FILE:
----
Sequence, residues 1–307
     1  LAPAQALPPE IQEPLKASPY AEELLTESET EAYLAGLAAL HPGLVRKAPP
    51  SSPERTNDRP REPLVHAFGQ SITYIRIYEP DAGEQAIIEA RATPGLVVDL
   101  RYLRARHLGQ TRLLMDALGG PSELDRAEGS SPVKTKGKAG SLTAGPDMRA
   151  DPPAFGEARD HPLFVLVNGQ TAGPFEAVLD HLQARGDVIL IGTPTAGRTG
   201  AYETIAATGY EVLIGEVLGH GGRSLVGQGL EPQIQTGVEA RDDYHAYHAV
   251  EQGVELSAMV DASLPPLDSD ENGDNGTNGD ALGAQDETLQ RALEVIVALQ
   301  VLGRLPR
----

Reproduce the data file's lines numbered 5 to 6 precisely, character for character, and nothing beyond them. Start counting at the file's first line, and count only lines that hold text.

   151  DPPAFGEARD HPLFVLVNGQ TAGPFEAVLD HLQARGDVIL IGTPTAGRTG
   201  AYETIAATGY EVLIGEVLGH GGRSLVGQGL EPQIQTGVEA RDDYHAYHAV